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April 30, 2013

The Technicolor Tarsier

On Earth, April 30, 2013

You could get lost gazing into the eyes of a tarsier. But these primate peepers are also providing insight into how human vision evolved.

By Melissa Mahoney

To early mammals, the world looked something like the beginning of The Wizard of Oz: colorless. But at some point, a group of primates began seeing reds, greens, and blues—and many shades of pink, yellow, and aquamarine in between. Scientists have long thought that color vision—called trichromacy—developed in primates sometime after they stopped hunting at night and began waking up with the sun.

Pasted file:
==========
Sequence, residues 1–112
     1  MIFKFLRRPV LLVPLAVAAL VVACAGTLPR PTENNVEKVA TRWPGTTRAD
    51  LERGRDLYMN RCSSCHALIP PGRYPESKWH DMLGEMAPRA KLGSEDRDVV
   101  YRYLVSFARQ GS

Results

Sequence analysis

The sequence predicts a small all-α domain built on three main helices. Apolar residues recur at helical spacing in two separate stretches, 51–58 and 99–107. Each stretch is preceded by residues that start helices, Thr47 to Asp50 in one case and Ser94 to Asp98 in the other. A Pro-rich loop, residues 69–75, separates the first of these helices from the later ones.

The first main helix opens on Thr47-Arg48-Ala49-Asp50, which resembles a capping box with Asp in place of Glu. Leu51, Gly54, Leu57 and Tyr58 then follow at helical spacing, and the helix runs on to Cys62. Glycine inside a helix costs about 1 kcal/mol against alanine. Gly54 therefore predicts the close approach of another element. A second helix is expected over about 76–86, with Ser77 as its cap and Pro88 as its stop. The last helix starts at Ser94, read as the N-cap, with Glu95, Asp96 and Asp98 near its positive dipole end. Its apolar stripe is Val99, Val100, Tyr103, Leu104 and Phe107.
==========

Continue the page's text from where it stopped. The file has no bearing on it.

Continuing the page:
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April 1, 2013

For Early Primates, a Night Filled With Color

New York Times Observatory, April 1, 2013

For Early Primates, a Night Filled With Color

By Douglas Quenqua
 
A new study suggests that primates’ ability to see in three colors may not have evolved as a result of daytime living, as has long been thought. The findings, published in the journal Proceedings of the Royal Society B, are based on a genetic examination of tarsiers, the nocturnal, saucer-eyed primates that long ago branched off from monkeys, apes and humans.
 
 
 

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